Behavioural science is having another moment in the spotlight. The Covid-19 pandemic has birthed one of the most intense periods of behavioural marketing and policy making since the field’s inception. Throughout 2020 we were never far from a message, incentive or situational ‘nudge’ that is intended to influence the way we behave; and until November, we were frequently reminded that our behaviour was the best weapon we had against the virus. Even as a medical response appeared on the horizon, our behaviour remained crucial: immunisation programmes take time to implement, and a vaccine, no matter how effective, can only have a significant impact if a very large proportion of the population elects to take it.
None of this is new, of course. The way we behave has always been critical to the way our society, services and economy operate. This makes understanding why we behave as we do – and how our behaviour can best be influenced in the interests of individuals and society – central to effective policy making and evidence-based governance.
Understanding the complex factors influencing people’s behaviour
The trouble is that behaviour is inherently difficult to understand, let alone predict, as it is driven by myriad personal, social, cultural, material, environmental and circumstantial factors, many of which cannot be reliably articulated. Generally speaking, asking citizens why they take risks with their health, respond late to requests for payment, waste food or energy, or demonstrate any other kind of behaviour, is not enough.
The same applies to examining how citizens will react to a policy or communication that is put in place. To reach an accurate prediction, you need to observe their response in an environment that realistically depicts the future scenario. To understand this response, you need to isolate, identify and measure the factors that drive it.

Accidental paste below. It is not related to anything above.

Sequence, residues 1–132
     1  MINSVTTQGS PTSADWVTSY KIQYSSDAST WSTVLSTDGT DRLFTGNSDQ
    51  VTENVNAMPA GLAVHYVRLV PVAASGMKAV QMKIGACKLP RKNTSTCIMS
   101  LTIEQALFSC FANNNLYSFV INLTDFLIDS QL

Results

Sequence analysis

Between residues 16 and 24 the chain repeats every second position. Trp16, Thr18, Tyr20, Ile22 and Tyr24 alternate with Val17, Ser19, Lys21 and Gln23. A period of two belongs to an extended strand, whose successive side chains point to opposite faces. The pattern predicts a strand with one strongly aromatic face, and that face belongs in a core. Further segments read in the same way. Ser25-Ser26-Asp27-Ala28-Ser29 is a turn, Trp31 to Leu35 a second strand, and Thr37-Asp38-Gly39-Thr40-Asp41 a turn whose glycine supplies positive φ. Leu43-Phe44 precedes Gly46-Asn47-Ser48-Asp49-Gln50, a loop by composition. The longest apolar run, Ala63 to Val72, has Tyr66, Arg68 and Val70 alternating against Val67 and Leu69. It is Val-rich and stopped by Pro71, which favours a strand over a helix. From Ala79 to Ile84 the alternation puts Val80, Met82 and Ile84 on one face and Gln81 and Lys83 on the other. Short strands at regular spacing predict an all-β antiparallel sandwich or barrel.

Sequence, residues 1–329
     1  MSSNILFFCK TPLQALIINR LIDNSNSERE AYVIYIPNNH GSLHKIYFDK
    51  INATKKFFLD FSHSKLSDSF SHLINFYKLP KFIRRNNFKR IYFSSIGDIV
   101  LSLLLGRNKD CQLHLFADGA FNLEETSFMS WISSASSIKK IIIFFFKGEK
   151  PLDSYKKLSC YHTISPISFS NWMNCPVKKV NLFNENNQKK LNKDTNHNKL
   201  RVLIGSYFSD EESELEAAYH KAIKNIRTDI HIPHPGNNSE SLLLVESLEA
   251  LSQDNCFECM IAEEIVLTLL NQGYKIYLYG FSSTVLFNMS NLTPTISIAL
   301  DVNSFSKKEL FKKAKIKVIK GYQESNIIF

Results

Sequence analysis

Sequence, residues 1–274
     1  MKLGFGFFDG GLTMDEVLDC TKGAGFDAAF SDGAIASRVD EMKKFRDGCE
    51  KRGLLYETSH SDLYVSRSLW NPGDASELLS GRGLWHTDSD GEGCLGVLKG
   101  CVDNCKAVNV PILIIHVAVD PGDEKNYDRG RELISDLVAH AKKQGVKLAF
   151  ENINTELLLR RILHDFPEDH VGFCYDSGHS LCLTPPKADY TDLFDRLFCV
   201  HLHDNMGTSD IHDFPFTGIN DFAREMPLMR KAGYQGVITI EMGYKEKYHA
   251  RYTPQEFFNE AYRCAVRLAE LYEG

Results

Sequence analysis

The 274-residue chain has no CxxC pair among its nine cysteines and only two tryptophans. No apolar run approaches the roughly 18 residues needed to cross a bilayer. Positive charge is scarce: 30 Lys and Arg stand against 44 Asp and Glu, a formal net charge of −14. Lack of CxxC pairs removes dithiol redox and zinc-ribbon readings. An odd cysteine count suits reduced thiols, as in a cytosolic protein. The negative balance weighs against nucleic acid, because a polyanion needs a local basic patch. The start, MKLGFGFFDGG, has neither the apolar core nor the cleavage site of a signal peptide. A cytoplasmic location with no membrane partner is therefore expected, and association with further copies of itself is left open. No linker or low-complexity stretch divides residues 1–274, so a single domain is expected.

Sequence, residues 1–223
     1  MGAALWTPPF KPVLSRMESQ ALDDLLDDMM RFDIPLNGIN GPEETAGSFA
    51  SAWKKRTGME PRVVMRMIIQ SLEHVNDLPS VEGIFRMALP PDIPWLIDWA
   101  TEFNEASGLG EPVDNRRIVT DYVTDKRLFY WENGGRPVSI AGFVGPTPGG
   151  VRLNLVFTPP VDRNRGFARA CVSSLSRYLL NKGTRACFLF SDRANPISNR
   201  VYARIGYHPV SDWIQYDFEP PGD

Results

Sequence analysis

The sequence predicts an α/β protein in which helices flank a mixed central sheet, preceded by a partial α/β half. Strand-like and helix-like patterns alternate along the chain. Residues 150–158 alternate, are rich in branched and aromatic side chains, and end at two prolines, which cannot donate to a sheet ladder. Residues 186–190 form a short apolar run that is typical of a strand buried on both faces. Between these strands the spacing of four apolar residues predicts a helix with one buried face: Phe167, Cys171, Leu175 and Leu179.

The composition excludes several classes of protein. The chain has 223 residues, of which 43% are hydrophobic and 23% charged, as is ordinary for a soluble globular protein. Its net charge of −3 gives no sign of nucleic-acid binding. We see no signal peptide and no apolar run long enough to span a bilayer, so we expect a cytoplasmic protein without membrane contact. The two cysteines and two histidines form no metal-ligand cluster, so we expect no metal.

The trouble is that behaviour is inherently difficult to understand, let alone predict
This kind of evidence – empirical rather than opinion, objective rather than subjective – can be the basis for solid policy decisions. But there are two final requirements for it to be practicable: you need data quickly and cheaply if it is going to be used ‘upstream’. We are entering the world of policy experiments, pilots and randomised controlled trials (RCTs); however, these exercises take time, money and commitment. You need a solution that is fast enough to inform decisions in a rapidly moving policy environment, and cost-effective enough to let you test, learn and adapt your ideas.
Behaviour Change Lab: putting behavioural science into practice
Kantar Public have created the Behaviour Change Lab to do just that. Behaviour Change Lab utilises an online platform to simulate the environment in which an intervention will be introduced; an RCT to evaluate the impact of different interventions on behavioural outcomes; and diagnostic analysis to explain the drivers and barriers of that behaviour. It lets people take decisions and make choices instead of answering questions about what they do. Put simply, it shows what works, why, and how that could be improved. And it does this within a few weeks – even a few days if the exercise is simple enough.
Will people wear a face covering and use public transport with confidence? Will they stockpile food during a second national lockdown? Will they take a vaccine when one becomes available? And, most crucially, what will work best to ensure that people do (or don’t do) these things? At Kantar Public, we examined all these questions in our Behaviour Change Lab during October and November 2020. And it’s not just about Covid-19: we also looked at how best to ensure citizens act with financial responsibility given increased flexibility in how they can use their pension pots.
Behaviour Change Lab results come back quickly and clearly enough to make a difference, informing communications, service design and policy development. Decisions can be based on evidence and observation rather than opinion and inference. In situations where a fast-moving context meets a complex set of behavioural drivers, this is invaluable.
To find out more, contact Kantar Public’s behavioural experts at firstname.lastname@example.org